Dear White America: This Is Why It’s About Race…

As the #BlackLivesMatter movement surges forward, many people continuously ask why the focus is so intensely on race and have promoted hashtags like #AllLivesMatter in its place.

While all people DO matter, not all people—in the United States—experience the same legacy of legislative injustice and cultural violence that Black Americans do. And the intentional avoidance and invalidation of Black oppression, by both Black and non-Black people, is what allows for its pervasiveness.

Racism has created a murderous and mournful reality for so many Black people, and this spoken word poem, talking specifically to White Americans who don’t get it, gives that reality flesh, blood, tears, and names.

This poem asks for compassion. This poem asks for justice.



Video courtesy of Button Poetry. For more amazing spoken word performances, check them out on YouTube and Facebook.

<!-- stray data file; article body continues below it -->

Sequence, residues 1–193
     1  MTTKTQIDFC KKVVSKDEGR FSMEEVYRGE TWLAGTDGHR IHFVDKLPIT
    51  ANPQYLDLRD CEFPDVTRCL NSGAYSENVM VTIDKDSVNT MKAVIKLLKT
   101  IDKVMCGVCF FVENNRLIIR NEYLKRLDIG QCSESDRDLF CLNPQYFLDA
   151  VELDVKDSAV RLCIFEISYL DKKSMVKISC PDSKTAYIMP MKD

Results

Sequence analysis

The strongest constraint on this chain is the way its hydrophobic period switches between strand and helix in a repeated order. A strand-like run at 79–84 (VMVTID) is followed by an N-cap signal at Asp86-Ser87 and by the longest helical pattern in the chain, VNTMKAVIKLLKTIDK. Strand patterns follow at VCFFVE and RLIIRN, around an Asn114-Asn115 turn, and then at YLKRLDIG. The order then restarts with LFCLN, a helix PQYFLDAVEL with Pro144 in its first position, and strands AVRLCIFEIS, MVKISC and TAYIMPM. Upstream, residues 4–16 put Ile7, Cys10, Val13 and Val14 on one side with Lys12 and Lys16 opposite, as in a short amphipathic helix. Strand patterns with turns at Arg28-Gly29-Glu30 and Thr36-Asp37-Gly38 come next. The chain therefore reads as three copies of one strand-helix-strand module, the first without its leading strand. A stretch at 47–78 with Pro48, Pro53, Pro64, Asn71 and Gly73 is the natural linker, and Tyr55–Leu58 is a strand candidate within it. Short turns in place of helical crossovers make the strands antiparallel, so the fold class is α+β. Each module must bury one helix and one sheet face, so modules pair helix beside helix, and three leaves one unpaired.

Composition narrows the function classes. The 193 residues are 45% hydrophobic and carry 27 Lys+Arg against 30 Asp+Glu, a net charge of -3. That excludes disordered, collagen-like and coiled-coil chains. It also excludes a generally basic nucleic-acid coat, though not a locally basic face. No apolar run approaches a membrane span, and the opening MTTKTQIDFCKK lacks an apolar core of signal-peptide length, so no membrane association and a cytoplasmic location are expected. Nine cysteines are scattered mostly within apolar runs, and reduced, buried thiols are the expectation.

Please read the following Everyday Feminism articles to learn more about the impact of racism on Black Americans:

Danez Smith was born St. Paul, Minnesota. His writing has appeared in Poetry, Ploughshares, Beloit Poetry Journal, Kinfolks and elsewhere. In poetry slam, he is a 2011 Individual World Poetry Slam finalist and the reigning two-time Rustbelt Individual Champion, and was on the 2014 championship team Sad Boy Supper Club. In 2014 he was the festival director for the Brave New Voices International Youth Poetry Slam, and he was awarded a Ruth Lilly and Dorothy Sargent Rosenberg Poetry fellowship from the Poetry Foundation. He earned a BA from the University of Wisconsin-Madison, where he was a First Wave Urban Arts Scholar. Follow him on Twitter at @Danez_Smif.